Following on from a successful car wrap at ART Grand Prix earlier in the month, Veloce Racing Team Manager Ian Davies has been continuing his pre-season preparations with the team at Fontjoncouse. At the picturesque testing facility in southern France, an initial shakedown of the car took place where inaugural W Series Champion – and Veloce Racing’s recently confirmed female driver for Extreme E – Jamie Chadwick was introduced to off-road driving for the first time.
We conducted our shakedown of the car at Fontjoncouse, which is an area where a lot of Dakar and WRC teams do their testing. This maximised our ability to try the ODYSSEY 21 out on a variety of terrains whilst keeping our carbon footprint as low as possible. In this series, testing must be very efficient so we were limited to 50km a day, running on much smaller loops – 1.3 to 1.5km– instead of the usual 5-15km in a normal off-road testing environment.
We started on day one with all initial testing based around seeing what the car could do. It was like having a blank canvas. We did a lot of work with Jamie to iron out a few pre-conceived habits from her single-seater background and forming a base set-up for the car. We also spent some time focussing on the driver change – strategy, seat set-up and steering wheel optimisation – which I believe will be an integral part of the season.
After confirming a base set-up on day one, we switched our attention to the performance side of things for day two, adjusting suspension and differentials in an attempt to improve lap times against the clock.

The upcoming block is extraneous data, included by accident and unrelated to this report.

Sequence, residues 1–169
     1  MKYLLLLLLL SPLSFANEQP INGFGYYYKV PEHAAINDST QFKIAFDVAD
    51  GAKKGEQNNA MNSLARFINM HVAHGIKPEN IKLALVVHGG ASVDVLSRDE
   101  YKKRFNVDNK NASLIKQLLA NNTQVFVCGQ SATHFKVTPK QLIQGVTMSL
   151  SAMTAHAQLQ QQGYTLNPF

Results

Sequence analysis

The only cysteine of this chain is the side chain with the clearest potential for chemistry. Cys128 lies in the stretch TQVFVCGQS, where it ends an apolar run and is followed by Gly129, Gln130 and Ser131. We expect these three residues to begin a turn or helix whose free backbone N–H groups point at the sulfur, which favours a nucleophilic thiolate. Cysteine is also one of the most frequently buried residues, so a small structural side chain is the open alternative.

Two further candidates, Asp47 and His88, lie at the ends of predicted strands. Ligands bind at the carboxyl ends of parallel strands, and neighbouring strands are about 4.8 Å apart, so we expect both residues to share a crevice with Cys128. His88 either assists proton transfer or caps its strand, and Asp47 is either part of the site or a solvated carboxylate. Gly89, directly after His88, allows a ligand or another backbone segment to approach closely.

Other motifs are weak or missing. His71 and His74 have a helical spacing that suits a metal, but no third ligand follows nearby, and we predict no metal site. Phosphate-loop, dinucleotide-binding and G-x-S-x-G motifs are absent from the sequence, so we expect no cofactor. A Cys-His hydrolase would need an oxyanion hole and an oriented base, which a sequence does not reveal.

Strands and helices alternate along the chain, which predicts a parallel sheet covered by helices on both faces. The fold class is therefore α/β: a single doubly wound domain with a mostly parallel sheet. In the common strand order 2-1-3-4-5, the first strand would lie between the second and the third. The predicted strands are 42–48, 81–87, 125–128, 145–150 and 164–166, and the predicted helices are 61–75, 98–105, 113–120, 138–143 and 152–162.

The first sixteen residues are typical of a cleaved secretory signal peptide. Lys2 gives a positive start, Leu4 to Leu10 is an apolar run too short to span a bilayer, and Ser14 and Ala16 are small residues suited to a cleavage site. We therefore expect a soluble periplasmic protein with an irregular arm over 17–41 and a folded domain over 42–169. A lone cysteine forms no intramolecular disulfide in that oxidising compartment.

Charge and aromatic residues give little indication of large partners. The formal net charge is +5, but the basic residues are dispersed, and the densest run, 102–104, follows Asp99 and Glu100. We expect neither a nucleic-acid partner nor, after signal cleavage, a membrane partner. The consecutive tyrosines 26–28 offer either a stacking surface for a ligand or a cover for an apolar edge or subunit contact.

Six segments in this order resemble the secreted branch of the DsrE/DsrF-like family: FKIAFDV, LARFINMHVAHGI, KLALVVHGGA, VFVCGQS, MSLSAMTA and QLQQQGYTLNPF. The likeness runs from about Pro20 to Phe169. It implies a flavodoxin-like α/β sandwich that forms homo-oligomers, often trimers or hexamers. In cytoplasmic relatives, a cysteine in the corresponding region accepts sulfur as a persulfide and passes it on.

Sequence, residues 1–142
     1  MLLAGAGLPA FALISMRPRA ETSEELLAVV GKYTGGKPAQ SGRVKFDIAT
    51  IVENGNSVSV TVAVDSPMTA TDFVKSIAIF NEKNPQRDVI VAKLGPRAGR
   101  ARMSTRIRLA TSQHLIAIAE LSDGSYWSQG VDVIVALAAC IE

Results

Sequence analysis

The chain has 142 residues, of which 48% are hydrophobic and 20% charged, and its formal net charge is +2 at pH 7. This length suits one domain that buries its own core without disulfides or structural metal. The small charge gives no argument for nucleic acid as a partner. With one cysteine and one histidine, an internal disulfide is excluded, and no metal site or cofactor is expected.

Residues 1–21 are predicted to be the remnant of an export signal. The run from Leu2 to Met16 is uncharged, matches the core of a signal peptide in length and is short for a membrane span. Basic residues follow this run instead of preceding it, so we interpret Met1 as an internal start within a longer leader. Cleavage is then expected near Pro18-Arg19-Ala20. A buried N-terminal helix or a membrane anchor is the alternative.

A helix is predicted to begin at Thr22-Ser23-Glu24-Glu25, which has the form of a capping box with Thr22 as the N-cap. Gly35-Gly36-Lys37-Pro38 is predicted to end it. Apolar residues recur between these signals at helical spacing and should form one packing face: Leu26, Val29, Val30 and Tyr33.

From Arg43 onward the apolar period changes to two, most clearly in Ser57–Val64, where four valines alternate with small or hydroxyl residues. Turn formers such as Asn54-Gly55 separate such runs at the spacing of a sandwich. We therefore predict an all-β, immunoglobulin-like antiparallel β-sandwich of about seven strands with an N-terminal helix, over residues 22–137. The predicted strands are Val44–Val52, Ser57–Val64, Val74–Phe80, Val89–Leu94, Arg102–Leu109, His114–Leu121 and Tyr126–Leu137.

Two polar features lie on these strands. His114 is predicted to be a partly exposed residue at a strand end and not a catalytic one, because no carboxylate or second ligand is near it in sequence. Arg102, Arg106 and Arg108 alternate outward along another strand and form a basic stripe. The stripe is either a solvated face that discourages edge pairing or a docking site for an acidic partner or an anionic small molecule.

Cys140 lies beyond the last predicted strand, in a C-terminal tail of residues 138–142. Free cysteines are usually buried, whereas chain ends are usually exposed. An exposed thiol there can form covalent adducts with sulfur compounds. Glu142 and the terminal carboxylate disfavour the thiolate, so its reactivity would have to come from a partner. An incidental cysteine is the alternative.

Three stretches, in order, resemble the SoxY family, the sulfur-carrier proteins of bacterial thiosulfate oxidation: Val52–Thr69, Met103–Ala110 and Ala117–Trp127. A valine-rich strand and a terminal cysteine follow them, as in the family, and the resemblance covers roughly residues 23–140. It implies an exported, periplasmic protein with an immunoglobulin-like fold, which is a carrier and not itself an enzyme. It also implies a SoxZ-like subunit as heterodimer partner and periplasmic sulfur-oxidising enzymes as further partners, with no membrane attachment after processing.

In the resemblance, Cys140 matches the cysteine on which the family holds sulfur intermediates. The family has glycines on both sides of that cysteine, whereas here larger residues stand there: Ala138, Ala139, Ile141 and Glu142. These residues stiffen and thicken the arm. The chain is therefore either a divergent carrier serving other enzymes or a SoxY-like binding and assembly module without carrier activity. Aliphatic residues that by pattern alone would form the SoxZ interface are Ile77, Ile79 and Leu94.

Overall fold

On day three, we took more risks, pushing the car harder and doing multiple jumps to take it to the next level of what it can achieve. The idea being that you don’t want to jump the car and roll it on day one because then you’ve lost the whole test, so we took more and more risks as we progressed.
I believe the dynamic between the two drivers is going to be hugely important. With Jamie, her single-seater experience was really useful in terms of car refinement mid-corner. We were extremely impressed with the way she adapted to the ODYSSEY 21 considering she had to develop a whole new skillset. She had never driven a nearly two-ton (1,770kg) car on an off-road surface before, but she continued to improve on a kilometre-by-kilometre basis.
I think for the majority of people, learning the car and how to make adjustments is going to be a very new experience. From an engineering perspective, for example, the front and electric motors have so much scope for what can be done. It’s obviously a big jump in innovation from two-wheel drive electric series such as Formula E. It is quite similar to going back to the days of active transmission and differentials in the early 2000s, when you could make adjustments through the diffs.
I maintain that the relationship between the drivers is going to be crucial in a single-make series with limited development potential. The average speed of the driver combination is going to be everything. Rally drivers have seen male and female co-driver pairings over the years, but having a male and female equal status pairing is entirely new. When it comes to fighting for the championship, combining their pace and how they adjust to each other’s set-ups is going to be pivotal.